A “European Silk Road”: the case for a “big push” in infrastructure investment

06 July 2018

A new wiiw study concludes that Europe should respond to China’s New Silk Road initiative with its own coherent infrastructure network and transport strategy.

By Mario Holzner

  • The EU needs a coherent infrastructure network and transport strategy to leverage its economic potential.
  • It should not rely on China’s Belt and Road Initiative (BRI) to achieve this, but invest itself to ensure that it suits European priorities. Moreover, a “European Silk Road” can be seen as complementary to China’s efforts.
  • A new wiiw study finds that the development of a European Silk Road could create 2-7m new jobs, and could increase GDP on average by 3.5% in wider Europe over a ten-year period.
  • Eastern Europe in particular needs an upgrading of its transport infrastructure. If this is achieved, the boost to incomes and living standards would be particularly significant in that part of the continent.

China’s Belt and Road Initiative (BRI), the ‘New Silk Road’, is set to trigger billions of euros of investment in infrastructure and other areas. Beijing aims to build a new economic space between western China and Asian and African countries with an outreach to central Europe. The project has created significant expectations, including in Europe. However, the EU’s response has so far been a passive one.

In a new study, wiiw tackles the question of where and how a ‘European Silk Road’ could be established, and what such an initiative could achieve. Our analysis shows that the European transport infrastructure needs renovating and modernising. A “European Silk Road” would be successful only if a common transport network is established consistently at all levels. This encompasses seaports, river ports and airports, and particularly the establishment of modern highways and advanced passenger trains with logistics centres.

We estimate the costs for the full expansion of the infrastructure network at around EUR 1,000bn, or around 8% of the total GDP of all countries along the proposed routes (see below), or around 7% of EU GDP. The EU appears extremely reluctant to take such a step. However, this reservation is difficult to understand. The investment environment for large public infrastructure is ideal. Interest rates are close to zero. Debts financed investment could be self-sustaining. Alternatively, European taxes earmarked for common infrastructure investment could be raised. Also, hundreds of billions annually could be drawn from fighting tax evasion and avoidance on the EU level and used to invest in common infrastructure.

Major positive impacts for the European economy

We see enormous potential on various levels in Europe as a result of a “big push” in infrastructure investment. Our new study identifies the potential for an increase in GDP of 3.5% on average over an investment period of 10 years in the countries of wider Europe. At the same time, a ‘European Silk Road’ could create 2-7m new jobs, under favourable conditions and continuing low interest rates. Such an initiative would also strengthen economic integration and political cooperation. Apart from the economic potential within Europe, a ‘European Silk Road’ could also establish better connections with East Asia and link up to China’s New Silk Road.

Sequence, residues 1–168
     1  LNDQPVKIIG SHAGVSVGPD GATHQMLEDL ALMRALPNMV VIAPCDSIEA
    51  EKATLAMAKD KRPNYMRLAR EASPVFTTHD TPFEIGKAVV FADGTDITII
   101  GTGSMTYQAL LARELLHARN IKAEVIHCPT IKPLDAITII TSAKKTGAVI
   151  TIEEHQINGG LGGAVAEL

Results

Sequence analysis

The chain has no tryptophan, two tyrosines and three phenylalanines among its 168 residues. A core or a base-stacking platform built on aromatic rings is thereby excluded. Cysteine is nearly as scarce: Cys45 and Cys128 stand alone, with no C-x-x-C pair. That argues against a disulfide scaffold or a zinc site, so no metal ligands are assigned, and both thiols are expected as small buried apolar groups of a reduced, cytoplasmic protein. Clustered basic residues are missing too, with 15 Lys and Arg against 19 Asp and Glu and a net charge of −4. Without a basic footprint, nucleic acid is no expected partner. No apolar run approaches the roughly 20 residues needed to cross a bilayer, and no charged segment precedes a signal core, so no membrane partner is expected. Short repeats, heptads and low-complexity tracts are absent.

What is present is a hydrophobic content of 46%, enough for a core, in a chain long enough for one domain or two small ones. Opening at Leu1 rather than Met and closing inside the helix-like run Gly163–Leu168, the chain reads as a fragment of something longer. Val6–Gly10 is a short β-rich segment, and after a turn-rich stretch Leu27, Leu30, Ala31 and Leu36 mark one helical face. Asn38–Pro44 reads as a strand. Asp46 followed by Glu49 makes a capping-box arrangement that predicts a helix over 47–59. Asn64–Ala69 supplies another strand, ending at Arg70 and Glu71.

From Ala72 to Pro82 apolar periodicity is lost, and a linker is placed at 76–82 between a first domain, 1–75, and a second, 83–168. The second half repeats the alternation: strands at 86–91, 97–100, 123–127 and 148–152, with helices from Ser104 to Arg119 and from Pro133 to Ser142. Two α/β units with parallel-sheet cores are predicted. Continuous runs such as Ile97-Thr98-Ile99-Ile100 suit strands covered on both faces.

Apart from the positive employment effects, an expansion of the communication network would also lead to significant time savings. A better connection to the Russian central agglomeration could save over 8% of transport time on the road, representing a reduction of around 2.5 hours. Countries along a route through the north of Europe could increase their exports to Russia by more than 11%. This corresponds to additional exports of over EUR 12.5bn.

‘European Silk Road’ would boost growth regions in the East

Eastern Europe in particular is characterised by significant infrastructure gaps that need to be closed, including a lack of modern highways and advanced passenger trains, and income differences that need to be balanced. A ‘European Silk Road’ connecting the populous, but less developed east with the industrial centres of Western Europe would trigger economic growth and employment in the short, as well as in the medium and long term. Around 480m people live in Eastern Europe and the littoral states of the Black Sea and the Caspian Sea, almost as much as in the European Union itself (510m). However, the disposable income of people in the region is only around half of the EU level. This creates enormous market potential. Here, a “Big Push” in infrastructure investment makes the industrialisation of broad sectors of the economy more likely..  

Possible northern and southern routes

wiiw identified two possible main routes of a ‘European Silk Road’ connecting the west European industrial centres with the eastern part of the continent. In total, they encompass a route of 11,000 kilometres.

Source: geoatlas.com, own route design.

The proposed northern route runs from Lisbon to Uralsk on the Russian-Kazakh border. Central to this route are the links between the French industrial centre Lyon, the port of Duisburg, one of the most important logistics centres in the north west, and Moscow. In the south west, expansions of that route lead from Lyon via Barcelona to Madrid and Lisbon and in the east from Moscow via Nizhny Novgorod and Samara to Uralsk.

The southern route starts in the Milan region, the biggest Italian agglomeration and economic centre of the country. The route runs from Milan via Zurich and the highly industrialised regions of southern Germany along the Danube valley to Vienna, Budapest and Bucharest and further to the Black Sea port of Constanța. By sea, the Russian port of Novorossiysk and Volgograd can be reached, as well as the Georgian port of Poti, Tbilisi and Baku on the Caspian Sea.